Abstract Objective We examined (1) the relationship that parental objective social status (OSS) and subjective social status (SSS) have with children’s health-related quality of life (HRQOL), (2) whether SSS mediates the association between OSS and HRQOL, and (3) whether these associations differ among Black, Latino, and White children. Method Data came from 4,824 Black, Latino, and White 5th graders in the Healthy PassagesTM study. OSS was measured as parent educational attainment and net equivalent household income. SSS was measured by parent rating of community and national standing on the MacArthur Scale of Subjective Social Status. Child HRQOL was measured with child report on the Pediatric Quality of Life Inventory (PedsQL) physical and psychosocial scales. Structural equation modeling path analysis was conducted using Mplus version 7.4. Results The data supported the hypothesized measurement and structural models. Whereas parental OSS was positively related to psychosocial HRQOL for all three racial/ethnic groups and to physical HRQOL for Latino children, parental SSS was not related to either for any of the racial/ethnic groups. Therefore, mediation by SSS was not supported for any group. Conclusion OSS was confirmed to have stronger association with children’s HRQOL than parental SSS. This is in contrast to some research on adults, raising the questions of how best to assess SSS relevant to children and at what point in development SSS may influence children’s health and well-being. The persistent relationship found between parental OSS and child health suggests that efforts to improve low socioeconomic resources in families may contribute to improve children’s health. children, disparities, psychosocial functioning, quality of life, race/ethnicity Unequal distribution of resources in the United States, often defined in terms of socioeconomic status (SES), has resulted in a graded relationship between SES and health. Termed the social gradient of health, it indicates that people who are less advantaged in SES have worse health and shorter lives than those who are more advantaged along the whole social continuum (Marmot et al., 1991). Since the social gradient was first introduced in early 1990s (Adler, Boyce, Chesney, Folkman, & Syme, 1994; Marmot et al., 1991), vast research has replicated findings across countries, ages, and indicators of health (Jarrin, McGrath, & Quon, 2014; Reiss, 2013; Theodossiou & Zangelidis, 2009). The social gradient is now considered to be universal (Hamming & Bauer, 2013). This relationship is also apparent in health and health-related quality of life (HRQOL) of children; those with higher compared with lower SES at each point on the continuum have decreased morbidity and mortality rates (Braveman, Cubbin, Egerter, Williams, & Pamuk, 2010), better health status (von Rueden et al., 2006), and better HRQOL (Wallander et al., 2012). In this study, we attempt to further illuminate how the social gradient may affect children’s health broadly in the form of HRQOL. One reason we focus on HRQOL is that because relatively few children experience any one specific disease (Bloom, Jones, & Freeman, 2013), HRQOL is a useful measure of health in the population (Varni, Burwinkel, Seid, & Skarr, 2003). Another reason is that HRQOL matches well the World Health Organization’s (1948) definition of health as being “a complete state of physical, mental, and social well-being, not merely the absence of disease.” Moreover, HRQOL is important to examine in youth not just because it reflects health broadly but also because it conveys information about their essential daily functioning (Wallander & Koot, 2016). Physical HRQOL addresses how youth are able to engage in daily activities, whereas psychosocial HRQOL captures how they feel about and perceive themselves and their lives, the quality of their relationships, and how well they function in critical roles, such as a student (Varni et al., 2003; Wallander et al., 2012). Two Approaches to SES Whereas SES is conceptualized as the social standing of an individual or a group (American Psychological Association, n.d.), generally, two approaches are used to operationalize this concept. Objective social status (OSS) is commonly indicated by wealth (family income) and educational attainment (Singh-Manoux, Marmot, & Adler, 2005). Although these indicators are highly correlated (Shavers, 2007), income reflects more one’s financial power, whereas education reflects more one’s prestige (Chen, Martin, & Matthews, 2006). In comparison, subjective social status (SSS) captures individuals’ perceptions of their position in the social hierarchy (Goodman et al., 2001), thus representing a psychological process (Demakakos, Nazroo, Breeze, & Marmot, 2008). People appear to make judgments of where they belong in the social hierarchy relative to others based on cognitive averaging of their current OSS using different reference groups, such as neighborhood or nation (Singh-Manoux, et al., 2005). Whereas there is a significant literature supporting a link between OSS and a variety of health outcomes (Ma & McGhee, 2013; Wallander et al., 2012), there is a growing body of research also documenting this for SSS (Shaked, Williams, Evans, & Zonderman, 2016; Theodossiou & Zangelidis, 2009). For example, if people perceive themselves to be subordinate to others, they report lower self-esteem and greater stress, and they are likely to suffer from diseases more often than people who do not regard themselves to be of lower status (Bogart et al., 2013). SES and Children’s HRQOL Because children are dependent on their parents throughout development, children’s SES is defined by their parents’ SES. The influence of parental OSS on children’s health and HRQOL is profound (Chen, Matthews, & Boyce, 2002). Increased family income is related with better health outcomes for children (Fletcher & Wolfe, 2014). In addition, children of parents with higher education level reported better physical and psychological well-being, mood, and emotions than those of parents with lower educational attainment (von Rueden et al., 2006). This has also been demonstrated for children with chronic disease (Kumar, Kroon, & Lalloo, 2014). Whereas this link between parental OSS and child health has been well substantiated (Chen, et al., 2002), we are not aware of research that has examined whether SSS also plays a role in children’s health. It can be argued that parents’ SSS can be passed onto children because children absorb how parents behave, intentionally and unintentionally. Parents who perceive low status may transmit their experience of vulnerability and stigma to children. As children mature, they also begin to compare their social status with that of their friends’ and others in their community (Ursache, Noble, & Blair, 2015) and can more directly experience the physiological effects of lower perceived social status. Race/Ethnicity, SES, and Children’s HRQOL The number of children in the United States from non-White racial/ethnic groups is growing dramatically, such that by the year 2020, these groups are expected to constitute more than half of the childhood population (Federal Interagency Forum on Child and Family Statistics, 2017). Yet, disparities in health and HRQOL among different racial/ethnic groups remain prevalent, which is at least partially explained because of differences in the SES distribution across racial/ethnic groups (Wallander et al., 2012). White families are on average situated in higher OSS compared with Black and Latino families, which may be a factor why White children have better health than other racial/ethnic groups (Flores & The Committee on Pediatric Research, 2010). Yet, OSS may have a different relationship with health in different racial/ethnic groups. Whereas White and Latino children showed the expected negative linear relationship between parental education and obesity prevalence, this was not the case for Black children, whose obesity prevalence when parents were college educated was no different from that when parents had lesser educational attainment (Fradkin et al., 2015). Moreover, individuals make different choices regarding which group they compare themselves with and therefore how they perceive their SSS. There are indications these choices may also differ among racial/ethnic groups. For example, although Black individuals are in lower OSS than Whites on average, they appear more likely to view their SSS higher than Whites when they compared themselves with their neighbors (Wolff, Subramanian, Acevedo-Garcia, Weber, & Kawachi, 2010). Also, Latinos marked their social standing higher when they compared themselves with their immediate community or other Latino immigrants in the United States, but lower when compared with others in the United States or Whites (Wolff, Acevedo-Garcia, Subramanian, Weber, & Kawachi, 2010). Therefore, OSS and SSS may serve a different role in different racial/ethnic groups. Current Study To our knowledge, no study has compared the relationships that parental OSS and SSS have with younger children’s HRQOL. Previous research into these relationships focused on adults (Mielck, Vogelmann & Leidl, 2014) leads to the hypothesis that parental SSS partly mediates the effect of OSS on children’s health because people rely partly on objective indicators to evaluate their SSS through cognitive averaging (Adler et al., 1994). For example, path analysis revealed that the effect of OSS on quality of life in adults was mediated by their SSS (Netuveli & Bartley, 2012). In addition, SSS fully mediated the associations of education and occupation with illness, disability, diabetes, and depression in men and of education with High Density Lipids-cholesterol in women (Demakakos et al., 2008). However, this hypothesis has not been tested with children nor has it been examined across racial/ethnic groups. The model depicted in Figure 1 identifies our hypothesized relationships among OSS, SSS, and HRQOL in children, pointing to three specific aims: To examine (1) the relationships of parental OSS and SSS and children’s HRQOL, (2) whether parental SSS mediates the association between parental OSS and children’s HRQOL, and (3) whether these associations differ among Black, Latino, and White children. Figure 1. View largeDownload slide Hypothesized mediation model for the relationships of parental OSS and parental SSS with child’s HRQOL. Note. HRQOL = health-related quality of life; OSS = objective social status; SSS = subjective social status. Figure 1. View largeDownload slide Hypothesized mediation model for the relationships of parental OSS and parental SSS with child’s HRQOL. Note. HRQOL = health-related quality of life; OSS = objective social status; SSS = subjective social status. Methods Data came from Healthy PassagesTM Wave I, a multisite community study funded by the Centers for Disease Control and Prevention. It focuses on risk and protective factors, health behaviors (e.g., dietary practices, tobacco use, violent activity), health (e.g., diabetes, obesity, sexually transmitted diseases), and HRQOL outcomes among youth to illuminate disparities among subpopulations (e.g., race/ethnicity). Data were collected in 2004–2006 (Schuster et al., 2012). Institutional review boards at all research sites approved this study. Participants Participants were recruited from 5th grade public schools in three areas: (1) 10 contiguous public-school districts in and around Birmingham, Alabama, (2) 25 contiguous public-school districts in Los Angeles County, California, and (3) the largest public-school district in Houston, Texas. To ensure adequate sample sizes of (non-Latino) Black, Latino, and (non-Latino) White youth, a random sample of schools was taken using probabilities that were a function of how closely a school’s racial/ethnic mix corresponded to the site’s racial/ethnic target. Of the 6,663 parents or primary caregiver (hereafter referred to as parent) who agreed to be contacted after receiving information about the study, interviews were completed for 5,147 (77%) child and parent dyads (for all but 15 cases). Children were excluded from participation if they were not attending a regular academic classroom or if they or their parent could not complete interviews in English or Spanish. There were no other inclusion or exclusion criteria. To focus on the three largest racial/ethnic groups, the 6% who were not identified as being Black, Latino, or White were omitted from the analysis. Of the 4,824 constituting the final sample, the unweighted (weighted) distribution was 51% (51%) female, 36% (30%) Blacks, 38% (47%) Latinos, and 26% (23%) Whites, and child age M = 11.12 (SD = 0.56). Whereas detailed demographic information has been presented elsewhere (Schuster et al., 2012), additional information about parents is presented in Table 1. Table I. Demographic Information About the Parent/Caregiver Respondent Variable  %  Relationship to child     Biological mother  86.7   Biological father  6.4   Grandparents  2.2   Adoptive/step/foster parents  2.3   All other  2.4  Relationship status     Married  56.2   Living with a partner  7.2   Widowed  1.7   Divorced  11.9   Separated  7.1   All other  15.9  Employment status     Working full-time  55.2   Working part-time  15.0   Unemployed  5.3   Retired  1.2   Disabled  3.0   Student  1.2   Homemaker  18.0   Not in labor force  1.0  Education level     8th grade or less  14.6   Some high school, but did not graduate  11.4   High school graduate and GED  19.9   Some college or 2-year degree  27.0   Four-year college graduate  16.1   >4-year college degree  11.3  Employment status of spouse/partner     Working full-time  76.1   Working part-time  15.0   Unemployed  4.9   Retired  1.3   Disabled  0.2   Student  0.5   Homemaker  1.6  Variable  %  Relationship to child     Biological mother  86.7   Biological father  6.4   Grandparents  2.2   Adoptive/step/foster parents  2.3   All other  2.4  Relationship status     Married  56.2   Living with a partner  7.2   Widowed  1.7   Divorced  11.9   Separated  7.1   All other  15.9  Employment status     Working full-time  55.2   Working part-time  15.0   Unemployed  5.3   Retired  1.2   Disabled  3.0   Student  1.2   Homemaker  18.0   Not in labor force  1.0  Education level     8th grade or less  14.6   Some high school, but did not graduate  11.4   High school graduate and GED  19.9   Some college or 2-year degree  27.0   Four-year college graduate  16.1   >4-year college degree  11.3  Employment status of spouse/partner     Working full-time  76.1   Working part-time  15.0   Unemployed  4.9   Retired  1.3   Disabled  0.2   Student  0.5   Homemaker  1.6  Table I. Demographic Information About the Parent/Caregiver Respondent Variable  %  Relationship to child     Biological mother  86.7   Biological father  6.4   Grandparents  2.2   Adoptive/step/foster parents  2.3   All other  2.4  Relationship status     Married  56.2   Living with a partner  7.2   Widowed  1.7   Divorced  11.9   Separated  7.1   All other  15.9  Employment status     Working full-time  55.2   Working part-time  15.0   Unemployed  5.3   Retired  1.2   Disabled  3.0   Student  1.2   Homemaker  18.0   Not in labor force  1.0  Education level     8th grade or less  14.6   Some high school, but did not graduate  11.4   High school graduate and GED  19.9   Some college or 2-year degree  27.0   Four-year college graduate  16.1   >4-year college degree  11.3  Employment status of spouse/partner     Working full-time  76.1   Working part-time  15.0   Unemployed  4.9   Retired  1.3   Disabled  0.2   Student  0.5   Homemaker  1.6  Variable  %  Relationship to child     Biological mother  86.7   Biological father  6.4   Grandparents  2.2   Adoptive/step/foster parents  2.3   All other  2.4  Relationship status     Married  56.2   Living with a partner  7.2   Widowed  1.7   Divorced  11.9   Separated  7.1   All other  15.9  Employment status     Working full-time  55.2   Working part-time  15.0   Unemployed  5.3   Retired  1.2   Disabled  3.0   Student  1.2   Homemaker  18.0   Not in labor force  1.0  Education level     8th grade or less  14.6   Some high school, but did not graduate  11.4   High school graduate and GED  19.9   Some college or 2-year degree  27.0   Four-year college graduate  16.1   >4-year college degree  11.3  Employment status of spouse/partner     Working full-time  76.1   Working part-time  15.0   Unemployed  4.9   Retired  1.3   Disabled  0.2   Student  0.5   Homemaker  1.6  Procedures This research was conducted in compliance with APA ethical standards in the treatment of participants. Two trained interviewers administered the Healthy PassagesTM protocol with the child and parent at their home or a research facility. The parent provided informed consent and the child provided assent. The interviews were conducted in private spaces with the child and parent separately, using both computer-assisted personal interview and audio self-interview methods. Parents could choose whether to complete the interview in English or Spanish. Parents received $50 and children received a $20 gift card for completing the interview. Measures OSS was based on highest household educational attainment and total household income, which are the two most commonly used indicators (Shavers, 2007). Parents reported highest education completed, which were coded as (1) 8th grade or less, (2) some high school, (3) high school graduation or General Equivalence Diploma (GED), (4) some college or 2-year college degree, (5) 4-year college degree, and (6) >4-year college degree. Parents also reported total household income for the past 12 months from among 20 income ranges (referenced as per week, month, and year). They were prompted with multiple examples to consider all sources of income from all household members. Income was transformed to percentage of federal poverty level (FPL) and adjusted for household size, by dividing reported total household income by the government issued poverty level for the number of people reported in the household (U.S. Department of Health and Human Services, 2017). Higher scores indicate higher net household income. Because FPL was positively skewed (skewness = 1.99, kurtosis = 4.70), a square root transformation was applied to improve normality (skewness = 0.59, kurtosis = 0.31). No other variables deviated from normality. SSS was measured with the MacArthur Scale of Subjective Social Status (Adler, Epel, Castellazzo, & Ickovics, 2000) where the parent is asked to indicate her social standing on two 10-rung ladders where the best-off are located at the top and the worst-off at the bottom. One ladder reflected standing with respect to one’s community and the other with respect to the nation, resulting in two indicators of SSS. Child HRQOL was measured with the self-report form of the Pediatric Quality of Life Inventory Version 4.0 (PedsQL; Varni, Seid, & Kurtin, 2001), a widely used, well-validated measure of HRQOL in childhood. The PedsQL provides scores for physical (7 items) and psychosocial (15 items) domains, the latter consisting of subscales addressing emotional, social, and school functioning. This scale structure has been replicated across multiple racial/ethnic groups (Limbers, Newman, & Varni, 2009). Each item asks how much a certain behavior has been a problem in the past month (e.g., “it is hard for you to run,” “you feel afraid or scared”). Responses are reported on five-point scales (0 = never a problem, 4 = almost always a problem), but scale scores are constructed so that higher scores indicate better HRQOL on a scale from 1 to 100. Child race/ethnicity was classified based on the parent’s response (supplemented by child report when necessary), which one or more of seven categories best described the child. The child was classified as Latino if so indicated, regardless of other racial/ethnic indication. The remainders were classified as (non-Latino) Black, (non-Latino) White, or other (including multi-racial youth). Participants in the latter category were excluded from the analysis because of small sample size. Statistical Analyses All analyses were performed with Mplus version 7.4 (Muthén & Muthén, 1998-2017) using design weights to account for differential probabilities of selection of students according to their school and a cluster variable to account for clustering of students within schools (see Schuster et al., 2012). A latent variable model was evaluated where OSS was indicated by highest educational level of caregiver and total household income as a percent of FPL, and SSS was indicated by parent-report of community standing and national standing ratings. The measurement models of relationships between latent variables (OSS and SSS) and observed variables (household income, parent education, and placement on national ladder and community ladder) were evaluated to ensure a good fit using confirmatory factor analysis (Byrne, 2012). Three goodness-of-fit indices were examined to determine how well the model reproduced characteristics of the observed data: comparative fit index (CFI), Tucker–Lewis Index (TLI), and root mean square error of approximation (RMSEA). CFI and TLI values >0.95 are considered to indicate adequate fit, while values >0.90 are considered to be acceptable fit. RMSEA values of ≤0.05 indicate a close fit, and values of ≤0.08 indicate adequate fit (Hu & Bentler, 1998). RMSEA also can be treated as an effect size for testing the power of SEM models (MacCallum, Browne, & Cai, 2006). After ensuring the adequate fit of the measurement model, structural models were examined. Initially, we tested the hypothesized models (Figure 1) on both the total sample and across three racial/ethnic groups using a multigroup analysis first. However, the RMSEA indicated poor fit in the multigroup analysis. Therefore, to evaluate the fit of the models for each racial/ethnic group, we had to test them separately. To test the hypothesized mediation effect from OSS through SSS on each child variable, a boot strapping approach with 1,000 iterations was used. As a result, only RMSEA is produced under these conditions because CFI, TLI, and chi-square cannot be provided for model evaluation when both design weights and bootstrapping are incorporated. Results Table 2 presents descriptive statistics for study variables and correlations among variables. As shown in Table 3, all observed variables loaded significantly onto their respective latent factors when tested OSS and SSS for the total sample. This was also the case for each racial/ethnic group (details available on request). Table II. Descriptive Statistics for Study Variables for Total Sample and by Race/Ethnicity Variable  Scale  Mean (SE)   Total  Black  Latino  White  OSS             Highest education of caregiver  0–6  3.30  3.65  2.37  5.56    (0.11)  (0.06)  (0.10)  (0.14)   Household income as % FPL  %  237.16  162.45  145.60  501.33    (17.62)  (9.59)  (9.80)  (25.57)  SSS             Community standing  1–10  5.98  6.11  5.66  6.41    (0.05)  (0.06)  (0.05)  (0.08)   National standing  1–10  5.46  5.45  4.93  6.49    (0.08)  (0.04)  (0.07)  (0.15)  Child HRQOL             Psychosocial HRQOL  1–100  74.03  73.33  72.66  77.72    (0.42)  (0.54)  (0.48)  (0.68)   Physical HRQOL  1–100  83.91  84.11  81.94  87.61    (0.38)  (0.42)  (0.46)  (0.43)  Variable  Scale  Mean (SE)   Total  Black  Latino  White  OSS             Highest education of caregiver  0–6  3.30  3.65  2.37  5.56    (0.11)  (0.06)  (0.10)  (0.14)   Household income as % FPL  %  237.16  162.45  145.60  501.33    (17.62)  (9.59)  (9.80)  (25.57)  SSS             Community standing  1–10  5.98  6.11  5.66  6.41    (0.05)  (0.06)  (0.05)  (0.08)   National standing  1–10  5.46  5.45  4.93  6.49    (0.08)  (0.04)  (0.07)  (0.15)  Child HRQOL             Psychosocial HRQOL  1–100  74.03  73.33  72.66  77.72    (0.42)  (0.54)  (0.48)  (0.68)   Physical HRQOL  1–100  83.91  84.11  81.94  87.61    (0.38)  (0.42)  (0.46)  (0.43)  Note. FPL = federal poverty level; HRQOL = health-related quality of life; OSS = objective social status; SE = standard error; SSS = subjective social status. Table II. Descriptive Statistics for Study Variables for Total Sample and by Race/Ethnicity Variable  Scale  Mean (SE)   Total  Black  Latino  White  OSS             Highest education of caregiver  0–6  3.30  3.65  2.37  5.56    (0.11)  (0.06)  (0.10)  (0.14)   Household income as % FPL  %  237.16  162.45  145.60  501.33    (17.62)  (9.59)  (9.80)  (25.57)  SSS             Community standing  1–10  5.98  6.11  5.66  6.41    (0.05)  (0.06)  (0.05)  (0.08)   National standing  1–10  5.46  5.45  4.93  6.49    (0.08)  (0.04)  (0.07)  (0.15)  Child HRQOL             Psychosocial HRQOL  1–100  74.03  73.33  72.66  77.72    (0.42)  (0.54)  (0.48)  (0.68)   Physical HRQOL  1–100  83.91  84.11  81.94  87.61    (0.38)  (0.42)  (0.46)  (0.43)  Variable  Scale  Mean (SE)   Total  Black  Latino  White  OSS             Highest education of caregiver  0–6  3.30  3.65  2.37  5.56    (0.11)  (0.06)  (0.10)  (0.14)   Household income as % FPL  %  237.16  162.45  145.60  501.33    (17.62)  (9.59)  (9.80)  (25.57)  SSS             Community standing  1–10  5.98  6.11  5.66  6.41    (0.05)  (0.06)  (0.05)  (0.08)   National standing  1–10  5.46  5.45  4.93  6.49    (0.08)  (0.04)  (0.07)  (0.15)  Child HRQOL             Psychosocial HRQOL  1–100  74.03  73.33  72.66  77.72    (0.42)  (0.54)  (0.48)  (0.68)   Physical HRQOL  1–100  83.91  84.11  81.94  87.61    (0.38)  (0.42)  (0.46)  (0.43)  Note. FPL = federal poverty level; HRQOL = health-related quality of life; OSS = objective social status; SE = standard error; SSS = subjective social status. Table III. Correlations and Factor Loadings Among Variables in Total Sample Correlations  1  2  3  4  5  6   1. Highest education in household  –             2. Household income as % FPL  .56  –           3. Community SSS  .24  .28  –         4. National SSS  .36  .41  .59  –       5. Psychosocial HRQOL  .18  .18  .08  .11  –     6. Physical HRQOL  .17  .15  .05  .09  .62  –  Factor loadings               OSS  .74  .82           SSS      .64  .93      Correlations  1  2  3  4  5  6   1. Highest education in household  –             2. Household income as % FPL  .56  –           3. Community SSS  .24  .28  –         4. National SSS  .36  .41  .59  –       5. Psychosocial HRQOL  .18  .18  .08  .11  –     6. Physical HRQOL  .17  .15  .05  .09  .62  –  Factor loadings               OSS  .74  .82           SSS      .64  .93      Note. All correlations and factor loadings p < .01; FPL = U.S. federal poverty level; HRQOL = health-related quality of life; OSS = objective social status; SSS = subjective social status. Table III. Correlations and Factor Loadings Among Variables in Total Sample Correlations  1  2  3  4  5  6   1. Highest education in household  –             2. Household income as % FPL  .56  –           3. Community SSS  .24  .28  –         4. National SSS  .36  .41  .59  –       5. Psychosocial HRQOL  .18  .18  .08  .11  –     6. Physical HRQOL  .17  .15  .05  .09  .62  –  Factor loadings               OSS  .74  .82           SSS      .64  .93      Correlations  1  2  3  4  5  6   1. Highest education in household  –             2. Household income as % FPL  .56  –           3. Community SSS  .24  .28  –         4. National SSS  .36  .41  .59  –       5. Psychosocial HRQOL  .18  .18  .08  .11  –     6. Physical HRQOL  .17  .15  .05  .09  .62  –  Factor loadings               OSS  .74  .82           SSS      .64  .93      Note. All correlations and factor loadings p < .01; FPL = U.S. federal poverty level; HRQOL = health-related quality of life; OSS = objective social status; SSS = subjective social status. Path and Mediation Analysis for Total Sample Model fit was acceptable for both physical and psychosocial HRQOL for the total sample (RMSEA [90% confidence interval, CI]: physical = 0.00 [0.00, 0.02], psychosocial = 0.02 [0.00, 0.03]). As shown in Figure 2, the path from parental OSS to parental SSS was significant. Moreover, parental OSS was significantly related to both physical and psychosocial HRQOL. In contrast, parental SSS was not significantly associated with either HRQOL variable. None of the mediation paths from parental OSS to any child HRQOL was significant for the total sample. Figure 2. View largeDownload slide Relationships among OSS, SSS, and child HRQOL among Total sample and Black, Latino, and White children. Circle indicates latent variable, and rectangle indicates observed variable (see “Statistical Analysis” section). Models include indirect (mediation) effects from OSS to child’s physical and psychosocial HRQOL via SSS, which are reported in brackets. *p < .05, which is also indicated in bold. Note. HRQOL = health-related quality of life; OSS = objective social status; SSS = subjective social status. Figure 2. View largeDownload slide Relationships among OSS, SSS, and child HRQOL among Total sample and Black, Latino, and White children. Circle indicates latent variable, and rectangle indicates observed variable (see “Statistical Analysis” section). Models include indirect (mediation) effects from OSS to child’s physical and psychosocial HRQOL via SSS, which are reported in brackets. *p < .05, which is also indicated in bold. Note. HRQOL = health-related quality of life; OSS = objective social status; SSS = subjective social status. Path and Mediation Analysis for Racial/Ethnic Groups Model fit was acceptable across racial/ethnic groups for both physical HRQOL (RMSEA [90% CI]: Black = 0.02 [0.00, 0.05], Latino = 0.00 [0.00, 0.03], White = 0.05 [0.02, 0.08]) and psychosocial HRQOL (RMSEA [CI]: Black = 0.05 [0.02, 0.07], Latino = 0.00 [0.00, 0.04], White = 0.04 [0.02, 0.07]). As shown in Figure 2, the path from parental OSS to parental SSS was consistently significant across Black, Latino, and White groups (β ≥ .35, p < .05). Parental OSS was significantly related to psychosocial HRQOL also in each racial/ethnic group (β ≥ .15, p < .05). The path between parental OSS and child physical HRQOL was only significant in the Latino group (β = .13, p < .05). In contrast, parental SSS was not significantly associated with either child physical or psychosocial HRQOL for any of the racial/ethnic groups. Likewise, the mediation was not supported for any racial/ethnic groups. Discussion This study demonstrated that objective socioeconomic family resources, such as parental education attainment and income level, are more powerful correlates of children’s physical and psychosocial HRQOL than parents’ perception of their social status. Parents’ view of their social status was associated with objective measures of their SES, consistent with prior research (Shaked, et al., 2016). Furthermore, we found that parental SSS does not mediate the relationship between parental OSS and children’s physical and psychosocial HRQOL. These relationships with psychosocial HRQOL were significant across Black, Latino, and White groups; however, the association between OSS and physical HRQOL was only significant for Latino children. In contrast, some recent studies with adults have reported that SSS is a stronger predictor of health than OSS because the former captures how a person places him or herself in a socioeconomic hierarchy (Singh-Manoux et al., 2005), which involves psychosocial processes potentially more influential to health (Brown et al., 2008). Psychosocial risk factors, such as depression, neuroticism, optimism, resiliency, or coping mechanisms, were reported to be associated with SSS (Cundiff, Smith, Uchino & Berg, 2013). Thus, greater exposure to stress and reduced psychosocial resources may cause worse health. However, in what we believe to be the first test to date with children not yet of adolescent age, parental SSS is not supported as a prominent influence on their HRQOL. One explanation for our findings could be the parents’ perceptions of their location in a social hierarchy are not yet transmitted to children at this young age, at least in a way that affects the children’s HRQOL. Parents may not share their perceived social status with their children to protect them, or children are too young to grasp the meaning of this. Alternatively, it could take longer time for the psychosocial processes involved in parents’ SSS to affect children’s HRQOL than is the case for more objective socioeconomic conditions. Thus, relationships among OSS, SSS, and HRQOL should be examined later in adolescence, where SSS may be more prominently experienced. Among several limitations, foremost is that because this is a correlational study, causation cannot be determined. In addition, the cross-sectional design limits interpretations of mediation analysis (Maxwell & Cole, 2007). These results therefore must be viewed as preliminary, requiring further testing using an appropriate separation of variables in a longitudinal design. Also, potential biases in children’s self-report of HRQOL must be acknowledged. This research only obtained information on the primary parent’s perception of her/his SSS, and this may differ between both parents involved with the youth. Moreover, future research should examine social status perception of youth themselves to provide a fuller understanding of its role in their health across development, schools, and neighborhoods, to illuminate the role of broader social determinants of health. These findings might not generalize to the population of the United States because participants were sampled from three geographic areas, which may present selection bias. Also, other races/ethnicities were excluded from the study. Because the Latino participants were recruited in Los Angeles and Houston, they had familial roots primarily in Mexico and Central America. Owing to their heterogeneity, caution must be exercised in generalizing to Latino groups with other origins. Moreover, as Latino children in immigrant families acculturate to the United States, their developmental and health outcomes appear to become less favorable, a phenomenon termed the immigrant paradox (García Coll & Marks, 2012). A more nuanced perspective on the HRQOL of Latino children would be achieved in future studies by considering their generational status in the United States. Finally, this sample contained additional distinctions, for example, including a majority of parents who were married or living with a partner or being employed full-time, which may also limit generalizability of findings to populations that differ markedly. These findings suggest that the effects of parental SSS do not appear to contribute to HRQOL of young children in 5th grade, certainly when contrasted with parental OSS. However, this must be considered only as a first study into these relationships. Given that adults’ SSS appears to play a role in their health, future research need to parse out when in development SSS begin to exert an effect on child HRQOL independent of OSS. As this research moves forward, it needs to incorporate youth perspectives on SSS. This would enable examination of the role of concordance and discordance between parent and child reported SSS for child health status. This research is important because socioeconomic conditions profoundly affect health and development in children (Chen et al., 2002). This occurs through multiple pathways including psychological processes (Schreier & Chen, 2013), but we do not understand well what psychological processes mediate the social gradient in child health. The subjective experience of one’s social status is a promising candidate that warrants further research into its role for child health. At the same time, in trying to further understand the mechanism by which objective social conditions may affect child HRQOL, it is necessary to examine specific factors and processes constituting the socioeconomic environment to differentiate influence on child health outcomes (Chen et al., 2002). Additional research on neighborhood and school SES, beyond parental OSS, could be meaningful to understand the pathways between types of OSS and children’s HRQOL. The persistent relationship found between parental OSS and child HRQOL suggest that efforts to improve socioeconomic resources in families and to eliminate poverty at an earlier age may be effective in improving children’s health and well-being. For example, when income supplements were provided annually, American Indian families were shown to move out of abject poverty, which had a significant positive impact on children’s psychosocial development and mental health, but only if provided early in their lives (Costello, Compton, Keeler, & Angold, 2003). Alternatively, providing high-quality intensive early childhood education during the first 5 years of life has been shown to mitigate the effects of growing up in a low OSS environment for Black and White children on biomarkers of health measured around 35 years of age (Campbell et al., 2014). Similar approaches to improving children’s quality of life should be considered. Furthermore, holistic efforts at the society and community levels, such as educational training, interventions designed to increase children’s nutrition and physical activity, and environmental policies to ensure clean water and air, among others, should be considered in attempting to reduce the social gradient in health. Acknowledgments The contributions made to this research by study participants in the Birmingham, Houston, and Los Angeles areas, other Healthy Passages™ investigators, field teams at each site, and the CDC Division of Adolescent and School Health are gratefully acknowledged. Funding The Healthy PassagesTM study is funded by the Centers for Disease Control and Prevention, Prevention Research Centers (Cooperative Agreements CCU409679, CCU609653, CCU915773, U48DP000046, U48DP000057, U48DP000056, U19DP002663, U19DP002664, and U19DP002665). 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Published by Oxford University Press on behalf of the Society of Pediatric Psychology. All rights reserved. For permissions, please e-mail: journals.permissions@oup.com This article is published and distributed under the terms of the Oxford University Press, Standard Journals Publication Model (https://academic.oup.com/journals/pages/about_us/legal/notices)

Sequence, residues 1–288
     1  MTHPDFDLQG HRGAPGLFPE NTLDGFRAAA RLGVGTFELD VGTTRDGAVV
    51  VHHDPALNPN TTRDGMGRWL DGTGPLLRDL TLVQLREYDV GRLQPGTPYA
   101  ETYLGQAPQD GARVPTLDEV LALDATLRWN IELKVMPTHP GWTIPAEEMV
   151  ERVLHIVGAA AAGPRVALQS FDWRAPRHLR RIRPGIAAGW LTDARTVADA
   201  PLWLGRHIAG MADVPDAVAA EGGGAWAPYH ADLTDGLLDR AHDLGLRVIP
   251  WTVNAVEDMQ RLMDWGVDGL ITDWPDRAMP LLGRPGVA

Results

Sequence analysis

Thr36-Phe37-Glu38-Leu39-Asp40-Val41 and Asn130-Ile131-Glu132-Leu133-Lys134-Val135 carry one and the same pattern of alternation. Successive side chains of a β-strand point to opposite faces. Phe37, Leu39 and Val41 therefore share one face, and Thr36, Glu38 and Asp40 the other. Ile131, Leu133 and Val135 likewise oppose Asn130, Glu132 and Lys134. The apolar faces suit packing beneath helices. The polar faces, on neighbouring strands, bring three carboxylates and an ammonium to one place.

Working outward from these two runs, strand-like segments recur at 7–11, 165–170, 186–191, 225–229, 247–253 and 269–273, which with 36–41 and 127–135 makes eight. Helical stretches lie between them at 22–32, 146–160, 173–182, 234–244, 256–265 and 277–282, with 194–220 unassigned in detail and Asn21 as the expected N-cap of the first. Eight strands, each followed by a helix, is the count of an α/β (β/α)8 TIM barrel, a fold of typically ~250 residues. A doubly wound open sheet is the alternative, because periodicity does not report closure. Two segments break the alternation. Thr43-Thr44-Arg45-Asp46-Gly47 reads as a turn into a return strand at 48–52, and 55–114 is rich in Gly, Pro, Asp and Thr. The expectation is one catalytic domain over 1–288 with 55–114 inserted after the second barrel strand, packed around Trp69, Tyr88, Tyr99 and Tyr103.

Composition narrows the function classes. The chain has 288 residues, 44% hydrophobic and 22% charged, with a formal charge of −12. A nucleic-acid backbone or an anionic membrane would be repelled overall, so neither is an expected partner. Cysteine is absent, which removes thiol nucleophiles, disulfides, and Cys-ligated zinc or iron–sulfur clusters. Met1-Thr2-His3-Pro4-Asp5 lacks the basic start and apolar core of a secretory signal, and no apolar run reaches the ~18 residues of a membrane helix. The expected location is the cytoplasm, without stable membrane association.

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Journal of Pediatric PsychologyOxford University Press

Published: Nov 15, 2017